Heidi Godman

Heidi Godman is the executive editor of the Harvard Health Letter. Before coming to the Health Letter, she was an award-winning television news anchor and medical reporter for 25 years. Heidi is a journalism fellow of the American Academy of Neurology, and has been honored by the Associated Press, the American Heart Association, the Wellness Community, and other organizations for outstanding medical reporting. She is most proud of a government proclamation for her efforts to secure health insurance for less fortunate children. Heidi holds a bachelor of science degree in journalism from West Virginia University.


Posts by Heidi Godman

New hospital ratings evaluate delivery of “typical care”

Heidi Godman
Heidi Godman, Executive Editor, Harvard Health Letter

For the past 25 years, US News and World Report has been listing the “best hospitals” in the United States. In a Viewpoint article in this week’s JAMA, the magazine’s top health analysts describe how they are expanding and changing the way they rate hospitals. The current ratings aren’t designed for use by patients in need of typical hospital care. That’s changing. The US News team has spent more than a year analyzing more than 5 million patient records regarding more than a dozen common procedures and medical conditions from more than 4,300 hospitals. Ratings for five of these — hip replacement, knee replacement, coronary artery bypass surgery chronic obstructive pulmonary disease, congestive heart failure — were published online today. The new ratings use only performance measures such as patient safety, technology, and survival rates after admission. Keep in mind that ratings like these can help, but they’re mostly limited to data, and aren’t the whole picture. Other organizations also provide hospital rankings and ratings.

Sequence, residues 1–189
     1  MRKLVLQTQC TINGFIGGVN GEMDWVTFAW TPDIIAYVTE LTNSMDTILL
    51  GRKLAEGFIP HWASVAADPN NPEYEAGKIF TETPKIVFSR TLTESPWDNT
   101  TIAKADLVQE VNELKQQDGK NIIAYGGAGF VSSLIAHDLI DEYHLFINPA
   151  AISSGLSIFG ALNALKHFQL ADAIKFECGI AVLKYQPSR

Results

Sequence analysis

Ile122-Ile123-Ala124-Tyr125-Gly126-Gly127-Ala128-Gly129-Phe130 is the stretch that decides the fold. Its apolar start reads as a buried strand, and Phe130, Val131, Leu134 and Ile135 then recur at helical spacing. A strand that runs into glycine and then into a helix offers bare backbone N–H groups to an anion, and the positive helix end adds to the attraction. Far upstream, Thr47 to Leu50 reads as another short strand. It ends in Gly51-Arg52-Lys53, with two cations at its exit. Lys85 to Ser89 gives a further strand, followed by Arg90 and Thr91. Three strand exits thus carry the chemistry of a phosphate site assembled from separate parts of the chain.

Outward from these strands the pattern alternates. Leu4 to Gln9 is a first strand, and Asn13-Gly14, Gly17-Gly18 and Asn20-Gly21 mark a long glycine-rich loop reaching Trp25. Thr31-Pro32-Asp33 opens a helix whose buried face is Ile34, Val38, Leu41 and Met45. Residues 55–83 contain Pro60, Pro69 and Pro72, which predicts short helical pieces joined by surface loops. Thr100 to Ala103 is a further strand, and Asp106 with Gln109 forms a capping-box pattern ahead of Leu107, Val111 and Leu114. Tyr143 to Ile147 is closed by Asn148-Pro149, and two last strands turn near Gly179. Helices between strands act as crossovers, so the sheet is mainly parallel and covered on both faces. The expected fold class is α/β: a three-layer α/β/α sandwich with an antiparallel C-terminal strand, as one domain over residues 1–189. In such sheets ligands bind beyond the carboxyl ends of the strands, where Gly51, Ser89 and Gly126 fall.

Hospitalization after fainting can do more harm than good

Heidi Godman
Heidi Godman, Executive Editor, Harvard Health Letter